The Real Carlotta

A Few More Comments on this Prima Donna

Marie Miolan-Carvalho and La Carlotta

As far as I can tell, Gaston Leroux never goes too in-depth about Carlotta's character, leaving her up to many interpretations on film and stage. I had wondered myself if she were just an unfortunate victim of circumstance. Most of the time, she is portrayed as a young, attractive woman with a decent enough voice but a large ego and very bad temper. Only once, per Arthur Kopit, had I seen her portrayed as an all-out villainess with little musical talent. Sure, in other versions, she keeps her job because she sleeps with the boss regardless of ability, but this is the only time I can find where she is noticeably older and married to the manager.

It seems Arthur Kopit got it right! According to The Phantom of the Opera by Philip J. Riley, soprano Marie Miolan-Carvalho is the inspiration for Gaston Leroux's La Carlotta. Miolan was married to Léon Carvalho, a manager of a small company known as Théâtre Lyrique. Miolan was getting old and it showed. Even in her youth, her voice had been thin and shrill. No longer able to hide behind her youth and beauty, her husband chose a new opera Faust to revive her career. Notorious for her "iron will and lust for fame," the company yielded to manager's wife so they would not have to deal with her.

Much like a lot of Broadway shows today, opera-comique had spoken dialog for the masses to keep their attention. Faust had originally been written in this style, but Miolan refused the role. She demanded to sing Grand Opera, so Faust had to undergo some rewrites. Ironically, some scenes had to be cut entirely because she quite simply could not sing them. What little talent she had was failing as she got older, and it was apparent to anyone except for her and her ego. She had another duet deleted so she could enter after a waltz scene, which would put herself at the focus of attention instead of having to share the spotlight. An aria for Siebel was also deleted because it exposed the fact that her talented understudy had a better voice than she did!

Arias in the 1990 Television Mini-series

In the Kopit teleplay, Carlotta chooses Bellini's Norma for her debut. The fact that Carlotta does not think she needs rehearsals shows just how large her ego is. From what I've read, the title role for this opera is one of the most difficult for any soprano. A real-life opera star named Lilli Lehman made a comment that singing all three Brünnhildes in Wagner's Der Ring des Niebelungen in one evening was less stressful than one evening with Norma. (Alrighty, I have no clue about Brünnhilde, but that is how she worded it. There is something else for me to research.) When I listened to real opera singers such as Joan Sutherland and Maria Callas bellow out "Sediziose Voci" for the first time, it really dawned on me just how horrible Carlotta sounds. The way I understand it, Norma is a strong character but also beautiful. Think JRR Tolkien's Galadriel from The Fellowship of the Ring or something. Then look at Carlotta's awful performance. She sounds like she swallowed a jackhammer. She treats the notes like they are the cement and her voice is a sledgehammer. Callas and Sutherland by comparison, their voices dance gracefully over these notes in ways I cannot explain.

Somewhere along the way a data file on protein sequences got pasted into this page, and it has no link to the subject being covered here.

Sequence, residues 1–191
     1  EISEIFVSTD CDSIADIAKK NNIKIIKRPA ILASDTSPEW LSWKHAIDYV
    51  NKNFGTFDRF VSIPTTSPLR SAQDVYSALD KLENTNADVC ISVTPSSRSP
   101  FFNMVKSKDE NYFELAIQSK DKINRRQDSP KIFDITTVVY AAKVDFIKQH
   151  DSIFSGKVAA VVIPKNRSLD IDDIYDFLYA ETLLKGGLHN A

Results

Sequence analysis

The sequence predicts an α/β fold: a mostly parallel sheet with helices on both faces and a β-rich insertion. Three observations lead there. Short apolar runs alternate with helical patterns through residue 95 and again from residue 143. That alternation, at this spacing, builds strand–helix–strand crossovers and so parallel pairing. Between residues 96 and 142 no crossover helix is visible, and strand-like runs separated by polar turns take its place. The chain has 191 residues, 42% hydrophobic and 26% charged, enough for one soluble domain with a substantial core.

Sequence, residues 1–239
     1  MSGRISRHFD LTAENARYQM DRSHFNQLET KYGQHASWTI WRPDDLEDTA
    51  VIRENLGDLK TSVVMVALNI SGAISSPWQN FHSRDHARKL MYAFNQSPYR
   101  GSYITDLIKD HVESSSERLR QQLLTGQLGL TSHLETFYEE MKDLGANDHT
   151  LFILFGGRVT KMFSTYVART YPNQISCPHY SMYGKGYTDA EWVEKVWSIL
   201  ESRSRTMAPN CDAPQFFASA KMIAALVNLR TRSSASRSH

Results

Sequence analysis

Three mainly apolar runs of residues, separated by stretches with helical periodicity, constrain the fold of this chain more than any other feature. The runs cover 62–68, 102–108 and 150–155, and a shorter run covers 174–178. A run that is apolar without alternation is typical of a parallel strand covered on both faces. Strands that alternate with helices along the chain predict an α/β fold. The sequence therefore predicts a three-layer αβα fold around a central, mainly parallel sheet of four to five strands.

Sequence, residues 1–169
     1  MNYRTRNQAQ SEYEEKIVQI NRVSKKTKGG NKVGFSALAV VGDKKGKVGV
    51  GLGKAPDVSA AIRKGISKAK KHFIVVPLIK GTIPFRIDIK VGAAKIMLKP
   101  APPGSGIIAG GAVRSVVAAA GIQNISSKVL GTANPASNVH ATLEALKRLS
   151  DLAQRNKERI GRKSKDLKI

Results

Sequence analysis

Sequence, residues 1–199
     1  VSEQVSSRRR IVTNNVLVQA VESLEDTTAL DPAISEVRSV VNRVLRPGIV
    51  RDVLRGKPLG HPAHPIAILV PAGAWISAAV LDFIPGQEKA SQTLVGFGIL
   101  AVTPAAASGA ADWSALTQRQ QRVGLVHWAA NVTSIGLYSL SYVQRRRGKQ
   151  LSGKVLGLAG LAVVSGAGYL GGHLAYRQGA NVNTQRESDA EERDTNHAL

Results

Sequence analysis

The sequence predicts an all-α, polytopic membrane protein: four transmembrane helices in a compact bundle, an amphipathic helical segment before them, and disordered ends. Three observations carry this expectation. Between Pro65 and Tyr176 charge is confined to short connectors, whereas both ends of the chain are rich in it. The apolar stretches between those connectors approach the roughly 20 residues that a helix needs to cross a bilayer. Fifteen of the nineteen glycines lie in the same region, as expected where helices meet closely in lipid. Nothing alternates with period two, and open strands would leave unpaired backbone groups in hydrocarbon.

During the Bistro, Christine sings "Marie's Aria" from Daughter of the Regiment by Donizetti. As I listened to Beverly Sills sing this aria on an online recording, I smiled as I realized just how well Christine sings circles around Carlotta. It became increasingly clear why Carlotta gave Christine such a hostile, hateful look and why Christine has this facial expression almost like, "I'm so busted, but I AM so good! Nyah nyah! Go me!"

Even listening to "The Drinking Song" from La Traviata, I could hear the difference. Compared to real opera singers, Carlotta sounds almost like a gargling jackhammer.

The Bouncing Diva

I read an account about an out-of-control diva. She had become increasingly difficult, spoiled, and self-centered. Everyone grew sick and tired of her, so they played their own practical joke. I could hear Erik now, saying, "Well I would have done that had Carlotta chosen Tosca."

At the end of this very dramatic opera, the title heroine leaps to her death from the castle wall. The singer usually lands safely on some mattresses on the other side. This time, she landed on a trampoline. Visualize the bouncing diva, bouncing up again and again from behind the castle wall. You get the drift. The Prima Donna could not perform this role for the rest of the season, for every time the season ticket holders saw her, they burst out laughing.

Okay, other accounts say she was not out-of-control. It was simply a well-meaning attempt to insure her safety, which backfired. Eva Turner had once said she was that diva and that it happened at the Lyric Opera of Chicago. It would have been funny if Erik had the chance to do this to Carlotta just the same.

Review of Dance Movie | Faustian Phantoms | Phuzzy Phantom | Erik's Masks | Real Carlotta | Prima Donna

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